And Only to Deceive Paperback – Oct 10 2006
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From Publishers Weekly
In this charming late Victorian romantic suspense novel, Emily, a young and beautiful widow, regrets her husband's African hunting expedition death less than is proper. The late Philip, Viscount Ashton, had a passion for classical antiquity, and Emily, in an attempt to get to know her husband postmortem, uses her newfound independence in London to study it. In the process, she forms a friendship with Cecile du Lac, a Parisian of a certain age, and realizes that there was more to Philip than she realized—including his genuine passion and love for her. The charming Colin Hargreaves may have been involved with Philip in art forgeries, and Andrew Palmer proposes to Emily and then offers evidence that Philip is still alive. By this time, Emily and Cecile are a well-practiced team of amateur sleuths: Phillip's secrets begin to emerge, and travel to Greece provides the possibilities of a new life. Alexander makes Emily light but sympathetic, and conveys period flavor without being ponderous. Her knowledge of the ethical dilemmas posed by Victorian etiquette is considerable; sexual chemistry in particular is handled with exquisite delicacy. The archeological background will lure readers who like to dig for their clues. (Oct.)
Copyright © Reed Business Information, a division of Reed Elsevier Inc. All rights reserved. --This text refers to the Hardcover edition.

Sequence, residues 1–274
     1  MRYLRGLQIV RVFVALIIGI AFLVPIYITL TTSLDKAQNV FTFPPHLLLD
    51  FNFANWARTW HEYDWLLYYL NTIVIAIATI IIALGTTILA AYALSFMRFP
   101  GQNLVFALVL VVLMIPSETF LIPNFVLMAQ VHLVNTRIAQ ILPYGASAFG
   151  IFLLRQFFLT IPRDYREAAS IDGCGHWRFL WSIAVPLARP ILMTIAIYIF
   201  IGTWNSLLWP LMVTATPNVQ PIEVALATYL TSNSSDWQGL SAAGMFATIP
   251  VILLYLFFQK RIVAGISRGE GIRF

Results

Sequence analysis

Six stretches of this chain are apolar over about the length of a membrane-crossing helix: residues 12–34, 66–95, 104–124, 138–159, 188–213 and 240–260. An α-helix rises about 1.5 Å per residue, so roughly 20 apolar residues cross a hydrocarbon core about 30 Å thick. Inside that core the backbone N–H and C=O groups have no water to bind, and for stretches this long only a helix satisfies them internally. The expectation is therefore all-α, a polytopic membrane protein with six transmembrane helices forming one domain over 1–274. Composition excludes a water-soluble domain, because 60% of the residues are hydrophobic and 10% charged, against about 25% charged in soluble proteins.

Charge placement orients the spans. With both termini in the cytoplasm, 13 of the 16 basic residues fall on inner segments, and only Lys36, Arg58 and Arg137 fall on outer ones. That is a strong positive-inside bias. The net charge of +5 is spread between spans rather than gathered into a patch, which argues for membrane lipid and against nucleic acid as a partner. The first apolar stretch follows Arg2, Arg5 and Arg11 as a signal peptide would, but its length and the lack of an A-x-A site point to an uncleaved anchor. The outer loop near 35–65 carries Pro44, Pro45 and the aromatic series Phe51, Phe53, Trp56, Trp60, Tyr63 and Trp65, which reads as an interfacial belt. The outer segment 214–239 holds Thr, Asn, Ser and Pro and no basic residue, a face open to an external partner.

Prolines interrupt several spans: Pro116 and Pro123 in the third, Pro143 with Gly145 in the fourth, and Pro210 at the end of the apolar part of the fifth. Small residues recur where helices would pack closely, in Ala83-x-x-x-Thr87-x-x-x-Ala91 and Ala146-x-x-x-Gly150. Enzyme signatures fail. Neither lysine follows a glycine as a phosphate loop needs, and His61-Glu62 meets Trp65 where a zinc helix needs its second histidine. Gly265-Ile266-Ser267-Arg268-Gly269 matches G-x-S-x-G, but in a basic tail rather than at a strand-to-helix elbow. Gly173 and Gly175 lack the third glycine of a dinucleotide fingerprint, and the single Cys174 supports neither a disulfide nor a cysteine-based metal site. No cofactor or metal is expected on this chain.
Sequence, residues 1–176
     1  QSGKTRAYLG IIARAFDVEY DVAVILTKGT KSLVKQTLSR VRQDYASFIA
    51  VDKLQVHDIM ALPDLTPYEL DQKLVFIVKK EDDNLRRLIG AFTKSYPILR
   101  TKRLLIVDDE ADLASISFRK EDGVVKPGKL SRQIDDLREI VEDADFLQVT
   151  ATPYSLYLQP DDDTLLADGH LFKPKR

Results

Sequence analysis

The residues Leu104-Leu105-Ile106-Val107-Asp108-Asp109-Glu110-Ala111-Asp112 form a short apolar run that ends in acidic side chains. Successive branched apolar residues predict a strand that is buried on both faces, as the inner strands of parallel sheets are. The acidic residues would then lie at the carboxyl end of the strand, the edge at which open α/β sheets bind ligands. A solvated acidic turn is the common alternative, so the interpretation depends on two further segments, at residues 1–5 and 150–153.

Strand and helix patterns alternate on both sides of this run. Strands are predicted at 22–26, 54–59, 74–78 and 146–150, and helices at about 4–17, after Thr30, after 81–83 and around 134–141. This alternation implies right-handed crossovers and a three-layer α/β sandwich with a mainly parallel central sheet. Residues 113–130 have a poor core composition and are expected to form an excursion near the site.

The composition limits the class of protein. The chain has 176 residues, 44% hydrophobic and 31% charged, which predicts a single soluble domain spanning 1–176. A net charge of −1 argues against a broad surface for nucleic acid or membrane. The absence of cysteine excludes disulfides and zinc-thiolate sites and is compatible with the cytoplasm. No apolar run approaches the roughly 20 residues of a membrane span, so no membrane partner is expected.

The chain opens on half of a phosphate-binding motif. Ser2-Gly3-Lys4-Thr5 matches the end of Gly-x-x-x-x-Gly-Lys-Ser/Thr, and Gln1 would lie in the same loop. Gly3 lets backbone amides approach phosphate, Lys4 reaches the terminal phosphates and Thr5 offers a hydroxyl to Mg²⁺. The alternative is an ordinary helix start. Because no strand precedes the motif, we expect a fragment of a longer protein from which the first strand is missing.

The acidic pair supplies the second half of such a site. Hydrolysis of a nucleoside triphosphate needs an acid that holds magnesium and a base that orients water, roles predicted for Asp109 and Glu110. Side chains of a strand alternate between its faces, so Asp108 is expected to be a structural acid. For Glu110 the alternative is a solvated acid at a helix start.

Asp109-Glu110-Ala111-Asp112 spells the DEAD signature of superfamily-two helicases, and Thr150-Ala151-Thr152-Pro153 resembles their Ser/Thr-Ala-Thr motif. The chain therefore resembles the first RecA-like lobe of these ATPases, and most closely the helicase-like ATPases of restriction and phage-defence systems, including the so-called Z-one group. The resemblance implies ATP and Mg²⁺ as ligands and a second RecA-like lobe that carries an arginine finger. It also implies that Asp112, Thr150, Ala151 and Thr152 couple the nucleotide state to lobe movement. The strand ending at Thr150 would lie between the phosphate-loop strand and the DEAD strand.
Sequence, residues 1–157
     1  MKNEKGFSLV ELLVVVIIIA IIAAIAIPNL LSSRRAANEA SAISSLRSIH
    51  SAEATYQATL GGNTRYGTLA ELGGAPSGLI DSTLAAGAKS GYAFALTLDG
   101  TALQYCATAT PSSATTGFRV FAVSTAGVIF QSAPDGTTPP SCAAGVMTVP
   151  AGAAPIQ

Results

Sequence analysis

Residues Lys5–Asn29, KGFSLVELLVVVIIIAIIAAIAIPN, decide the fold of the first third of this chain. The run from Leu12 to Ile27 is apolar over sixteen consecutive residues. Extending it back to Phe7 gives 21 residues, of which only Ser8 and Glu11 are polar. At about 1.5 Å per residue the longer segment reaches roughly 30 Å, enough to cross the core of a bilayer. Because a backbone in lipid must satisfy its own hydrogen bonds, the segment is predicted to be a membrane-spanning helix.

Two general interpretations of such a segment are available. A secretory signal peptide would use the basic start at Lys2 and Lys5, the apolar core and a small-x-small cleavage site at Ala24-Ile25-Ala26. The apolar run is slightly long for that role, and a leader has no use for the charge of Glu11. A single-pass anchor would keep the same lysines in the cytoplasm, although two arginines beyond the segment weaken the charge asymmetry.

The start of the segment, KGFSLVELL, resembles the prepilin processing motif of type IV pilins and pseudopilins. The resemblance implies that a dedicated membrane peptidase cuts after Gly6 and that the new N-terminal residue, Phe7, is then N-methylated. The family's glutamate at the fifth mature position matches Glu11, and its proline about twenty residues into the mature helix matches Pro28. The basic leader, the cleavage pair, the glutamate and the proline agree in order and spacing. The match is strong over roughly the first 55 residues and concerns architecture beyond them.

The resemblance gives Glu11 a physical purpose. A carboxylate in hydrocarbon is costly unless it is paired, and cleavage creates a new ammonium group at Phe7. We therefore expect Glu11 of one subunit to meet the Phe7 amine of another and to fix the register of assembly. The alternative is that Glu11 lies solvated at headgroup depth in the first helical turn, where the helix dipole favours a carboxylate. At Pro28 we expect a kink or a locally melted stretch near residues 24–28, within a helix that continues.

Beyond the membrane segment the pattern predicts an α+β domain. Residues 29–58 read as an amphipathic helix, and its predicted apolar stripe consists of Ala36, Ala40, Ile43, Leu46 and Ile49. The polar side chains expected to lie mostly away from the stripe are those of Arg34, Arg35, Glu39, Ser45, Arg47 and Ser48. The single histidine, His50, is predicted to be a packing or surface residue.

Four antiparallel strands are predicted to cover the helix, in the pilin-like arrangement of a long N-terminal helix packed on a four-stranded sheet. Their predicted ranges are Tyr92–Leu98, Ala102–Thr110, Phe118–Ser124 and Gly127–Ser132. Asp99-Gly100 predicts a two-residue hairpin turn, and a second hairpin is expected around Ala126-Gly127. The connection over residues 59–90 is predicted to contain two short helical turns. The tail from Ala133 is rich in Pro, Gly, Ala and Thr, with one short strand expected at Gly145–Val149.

Emily Bromley, a Victorian beauty, doesn't really want to marry, but her mother's persistent pressure forces her to accept wealthy Viscount Philip Ashton's proposal. When Philip dies on safari in Africa a few months after the wedding, Emily feels relief more than grief. Now the wealthy widow of a man she hardly knew, she is free to pursue her heart's real passion--reading! Yet once Emily begins to hear stories about Philip's interest in Greek literature and his exquisite collection of antiquities, Emily begins to feel herself falling in love with her mysterious, now-dead husband. But the more she discovers about Philip's extraordinary life, the more she fears that his death may not have been an accident. Compounding her concern are some very mixed messages from Philip's two best friends and the mounting evidence that he may have engaged in some backdoor business dealings. Who can Emily trust? This engaging, witty mix of Victorian cozy and suspense thriller draws its dramatic spark from the endearingly headstrong heroine's growth in life and love. A memorable debut. Misha Stone
Copyright © American Library Association. All rights reserved --This text refers to the Hardcover edition.
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This book contains three of my favorite things to read about, though I didn't know it at the time I first bought this novel which made this book a delightful surprise. These things are: Greek mythology, intrigue/crime and love in Victorian England. This is the story of Emily Ashton, whose recent husband Phillip Ashton has just died on a safari in Africa. This doesn't bother her much because she only really married him to get away from her mother and didn't know him well enough to morn him in any way. His death leaves her wealthy, but with two years of mourning to get through; she has a great deal of time on her hands.